She sees the exhibition as a method of communicating how Ukrainians feel through art, which is increasingly sacred, not only because of the stories art tells but because of the history and art that is being lost in the country. As Russia destroys Ukrainian heritage and cultural sites representing what Ukraine was, is, and hoped to be, the role of artists to create is even more vital. As of August 2022, the Ministry of Culture and Information Policy of Ukraine has recorded 464 cases of Russian war crimes against Ukrainian cultural heritage.
“I really feel that it’s important to communicate what we feel through art because this is a war against our culture. Russia is not waging war for territories, I think they have plenty of that. They have waged this war against Ukraine as a nation. They’ve shown that in the brutality of the atrocities and war crimes. If they win this war, they would ensure that Ukrainians are ‘deUkrainianised’, which essentially means we would stop existing as a nation, as a culture. Our language would have to be stopped, our essence would have to be stopped. And that’s why all of these museums are being bombed. They want to strip us of our identity.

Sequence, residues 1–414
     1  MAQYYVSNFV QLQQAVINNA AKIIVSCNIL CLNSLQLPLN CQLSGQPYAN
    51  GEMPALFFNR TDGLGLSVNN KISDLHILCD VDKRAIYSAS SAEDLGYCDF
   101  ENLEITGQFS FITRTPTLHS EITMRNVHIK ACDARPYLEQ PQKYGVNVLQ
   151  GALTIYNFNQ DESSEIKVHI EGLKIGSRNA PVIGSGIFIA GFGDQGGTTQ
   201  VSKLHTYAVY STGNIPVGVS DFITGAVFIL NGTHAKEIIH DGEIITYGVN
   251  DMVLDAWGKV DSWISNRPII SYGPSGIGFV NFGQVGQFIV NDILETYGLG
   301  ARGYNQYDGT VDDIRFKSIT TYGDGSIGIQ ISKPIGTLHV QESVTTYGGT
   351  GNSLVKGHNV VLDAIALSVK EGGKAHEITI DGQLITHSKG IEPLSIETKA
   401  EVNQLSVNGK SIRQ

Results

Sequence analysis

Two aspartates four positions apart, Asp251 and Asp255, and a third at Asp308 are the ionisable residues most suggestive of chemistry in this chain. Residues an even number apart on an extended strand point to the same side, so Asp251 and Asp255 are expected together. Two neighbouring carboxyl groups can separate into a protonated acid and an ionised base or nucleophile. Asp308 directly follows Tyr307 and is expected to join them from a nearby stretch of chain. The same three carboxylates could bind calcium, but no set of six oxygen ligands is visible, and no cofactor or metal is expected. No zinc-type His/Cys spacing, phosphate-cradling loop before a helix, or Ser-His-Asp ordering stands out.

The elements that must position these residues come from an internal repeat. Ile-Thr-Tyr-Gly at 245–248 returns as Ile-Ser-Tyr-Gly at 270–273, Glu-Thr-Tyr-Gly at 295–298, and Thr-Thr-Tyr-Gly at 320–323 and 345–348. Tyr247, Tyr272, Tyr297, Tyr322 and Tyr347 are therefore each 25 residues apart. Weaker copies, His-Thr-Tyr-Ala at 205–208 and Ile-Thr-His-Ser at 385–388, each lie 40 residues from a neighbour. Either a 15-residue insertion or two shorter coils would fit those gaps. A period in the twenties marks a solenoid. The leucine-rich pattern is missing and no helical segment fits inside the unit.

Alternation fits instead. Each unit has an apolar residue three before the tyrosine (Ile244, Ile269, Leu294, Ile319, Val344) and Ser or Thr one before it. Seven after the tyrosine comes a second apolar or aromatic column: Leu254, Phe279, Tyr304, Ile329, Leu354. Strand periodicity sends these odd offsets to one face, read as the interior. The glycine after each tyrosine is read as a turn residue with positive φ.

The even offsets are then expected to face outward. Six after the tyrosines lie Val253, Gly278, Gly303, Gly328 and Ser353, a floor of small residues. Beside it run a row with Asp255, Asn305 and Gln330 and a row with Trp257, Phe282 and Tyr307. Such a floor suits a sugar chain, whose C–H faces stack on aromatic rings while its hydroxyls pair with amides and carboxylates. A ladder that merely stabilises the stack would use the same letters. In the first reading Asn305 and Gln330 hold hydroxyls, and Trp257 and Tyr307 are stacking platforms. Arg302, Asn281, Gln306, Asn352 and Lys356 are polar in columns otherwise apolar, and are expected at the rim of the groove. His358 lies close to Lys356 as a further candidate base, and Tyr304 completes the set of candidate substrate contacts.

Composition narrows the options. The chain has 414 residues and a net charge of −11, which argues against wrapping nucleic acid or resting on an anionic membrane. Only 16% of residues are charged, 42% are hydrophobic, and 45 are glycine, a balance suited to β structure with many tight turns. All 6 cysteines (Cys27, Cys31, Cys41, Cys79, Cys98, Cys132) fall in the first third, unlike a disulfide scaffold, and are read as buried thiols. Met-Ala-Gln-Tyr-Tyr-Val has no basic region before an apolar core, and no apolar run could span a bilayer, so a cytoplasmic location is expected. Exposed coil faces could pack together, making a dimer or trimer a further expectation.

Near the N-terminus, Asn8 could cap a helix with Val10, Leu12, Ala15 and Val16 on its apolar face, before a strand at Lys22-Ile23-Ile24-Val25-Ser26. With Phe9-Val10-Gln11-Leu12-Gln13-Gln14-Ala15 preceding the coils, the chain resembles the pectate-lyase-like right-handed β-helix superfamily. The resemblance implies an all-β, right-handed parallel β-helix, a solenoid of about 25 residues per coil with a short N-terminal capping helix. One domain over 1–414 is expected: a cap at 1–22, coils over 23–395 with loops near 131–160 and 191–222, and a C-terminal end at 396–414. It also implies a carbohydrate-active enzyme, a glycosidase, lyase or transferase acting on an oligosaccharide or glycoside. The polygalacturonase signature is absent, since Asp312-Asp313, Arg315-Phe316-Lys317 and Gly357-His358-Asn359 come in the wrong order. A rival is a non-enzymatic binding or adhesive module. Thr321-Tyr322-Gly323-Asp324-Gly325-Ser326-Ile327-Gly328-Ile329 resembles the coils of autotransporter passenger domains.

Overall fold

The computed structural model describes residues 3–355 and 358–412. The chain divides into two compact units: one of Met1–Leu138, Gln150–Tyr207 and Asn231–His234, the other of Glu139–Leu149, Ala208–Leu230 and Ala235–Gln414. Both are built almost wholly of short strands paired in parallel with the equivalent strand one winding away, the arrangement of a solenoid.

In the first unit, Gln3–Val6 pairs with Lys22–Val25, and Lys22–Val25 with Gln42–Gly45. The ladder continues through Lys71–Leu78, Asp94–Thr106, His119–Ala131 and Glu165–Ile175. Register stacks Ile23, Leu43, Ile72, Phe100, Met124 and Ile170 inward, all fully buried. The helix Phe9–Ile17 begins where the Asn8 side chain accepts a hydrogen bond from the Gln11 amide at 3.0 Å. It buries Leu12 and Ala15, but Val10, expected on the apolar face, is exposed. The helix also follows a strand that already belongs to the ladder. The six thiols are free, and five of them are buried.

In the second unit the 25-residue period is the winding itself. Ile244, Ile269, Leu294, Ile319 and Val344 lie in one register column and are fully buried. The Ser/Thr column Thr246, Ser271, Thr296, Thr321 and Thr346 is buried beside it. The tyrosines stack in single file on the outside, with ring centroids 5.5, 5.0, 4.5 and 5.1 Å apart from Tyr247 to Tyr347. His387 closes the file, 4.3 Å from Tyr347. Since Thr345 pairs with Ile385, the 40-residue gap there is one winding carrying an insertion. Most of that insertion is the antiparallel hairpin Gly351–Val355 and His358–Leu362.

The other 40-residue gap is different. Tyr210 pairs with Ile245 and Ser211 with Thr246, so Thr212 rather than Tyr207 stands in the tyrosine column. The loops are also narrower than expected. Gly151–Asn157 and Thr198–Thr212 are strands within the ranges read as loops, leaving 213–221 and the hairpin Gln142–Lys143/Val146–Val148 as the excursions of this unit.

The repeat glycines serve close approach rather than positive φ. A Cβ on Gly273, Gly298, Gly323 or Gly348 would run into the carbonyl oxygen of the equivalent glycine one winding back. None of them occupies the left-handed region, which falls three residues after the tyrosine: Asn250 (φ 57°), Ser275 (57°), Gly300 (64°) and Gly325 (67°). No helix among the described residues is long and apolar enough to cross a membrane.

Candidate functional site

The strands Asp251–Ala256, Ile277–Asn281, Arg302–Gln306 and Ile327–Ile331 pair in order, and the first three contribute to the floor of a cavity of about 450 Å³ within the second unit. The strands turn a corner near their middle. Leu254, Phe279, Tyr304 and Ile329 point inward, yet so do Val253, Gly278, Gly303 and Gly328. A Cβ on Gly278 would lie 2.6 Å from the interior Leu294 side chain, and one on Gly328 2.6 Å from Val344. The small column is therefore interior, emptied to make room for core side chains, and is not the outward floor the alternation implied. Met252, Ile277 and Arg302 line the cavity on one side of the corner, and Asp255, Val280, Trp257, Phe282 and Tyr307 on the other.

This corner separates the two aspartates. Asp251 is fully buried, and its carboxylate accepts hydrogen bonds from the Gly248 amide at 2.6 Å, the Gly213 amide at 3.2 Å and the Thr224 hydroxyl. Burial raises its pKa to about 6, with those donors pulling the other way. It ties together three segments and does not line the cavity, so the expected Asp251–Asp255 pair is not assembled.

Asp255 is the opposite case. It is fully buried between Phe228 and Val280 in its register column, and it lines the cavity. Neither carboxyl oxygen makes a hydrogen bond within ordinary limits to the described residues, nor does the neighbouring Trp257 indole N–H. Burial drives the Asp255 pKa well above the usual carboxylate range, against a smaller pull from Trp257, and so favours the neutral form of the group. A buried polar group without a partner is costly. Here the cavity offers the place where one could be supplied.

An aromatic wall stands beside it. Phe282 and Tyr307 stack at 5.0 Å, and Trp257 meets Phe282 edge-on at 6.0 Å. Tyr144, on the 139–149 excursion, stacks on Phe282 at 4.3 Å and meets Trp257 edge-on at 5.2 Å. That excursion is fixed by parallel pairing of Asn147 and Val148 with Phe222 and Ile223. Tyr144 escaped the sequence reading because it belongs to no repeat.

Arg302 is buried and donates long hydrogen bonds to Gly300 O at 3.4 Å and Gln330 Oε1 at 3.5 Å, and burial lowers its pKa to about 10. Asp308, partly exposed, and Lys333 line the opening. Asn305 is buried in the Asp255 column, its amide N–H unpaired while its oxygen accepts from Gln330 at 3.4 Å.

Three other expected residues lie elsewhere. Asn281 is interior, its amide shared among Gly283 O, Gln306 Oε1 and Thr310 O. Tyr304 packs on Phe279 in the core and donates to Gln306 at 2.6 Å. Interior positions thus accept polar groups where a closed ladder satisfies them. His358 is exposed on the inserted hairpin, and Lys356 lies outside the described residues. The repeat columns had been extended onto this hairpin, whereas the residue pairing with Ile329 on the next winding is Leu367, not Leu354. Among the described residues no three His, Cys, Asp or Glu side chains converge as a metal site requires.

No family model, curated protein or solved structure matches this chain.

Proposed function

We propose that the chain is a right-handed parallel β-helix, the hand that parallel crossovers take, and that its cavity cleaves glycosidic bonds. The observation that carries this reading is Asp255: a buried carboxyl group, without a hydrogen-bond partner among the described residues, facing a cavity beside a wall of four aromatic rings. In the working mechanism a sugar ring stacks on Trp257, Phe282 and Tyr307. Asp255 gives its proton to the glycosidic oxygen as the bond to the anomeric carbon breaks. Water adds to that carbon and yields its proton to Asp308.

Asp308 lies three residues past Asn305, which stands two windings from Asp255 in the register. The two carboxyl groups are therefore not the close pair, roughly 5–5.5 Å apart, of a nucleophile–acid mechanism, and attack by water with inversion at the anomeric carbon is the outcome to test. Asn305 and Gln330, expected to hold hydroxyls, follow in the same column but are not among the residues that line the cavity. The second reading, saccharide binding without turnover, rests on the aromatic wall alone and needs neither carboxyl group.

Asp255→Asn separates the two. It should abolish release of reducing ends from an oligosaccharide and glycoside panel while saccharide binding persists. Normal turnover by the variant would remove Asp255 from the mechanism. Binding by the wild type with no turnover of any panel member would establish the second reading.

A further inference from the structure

“It’s so important for us to be able to preserve our culture because this is what we’re defending; our culture, our identity, our statehood.”
Central to this, Popovych says, is honouring all the Ukrainian women, whatever role they took on.
“We want to document and ensure that women are seen, we want to ensure respect for women who have suffered, and then we all work to ensure that justice can be served. Because if women don’t recover from this war, the country won’t recover from this war,” she says.
The exhibition is showcased in South Africa in August, which Popovych hopes will resonate during Women’s Month. Just as August honours the 20,000 women who marched in 1956 to protest against apartheid oppression, she wants to highlight how Ukrainian women are fighting every day too.
“The more I learn about the experience of South Africans, I see how that just up until recently, people in this country had to stand up and protest, and sometimes sacrifice their lives, for the ability to live with dignity, and to be free,” she says.
“This is very similar to the fight for freedom and against oppression that Ukrainian women are partaking in. And I think that it’s important that we understand that the essence of our fight is anti-colonial too.”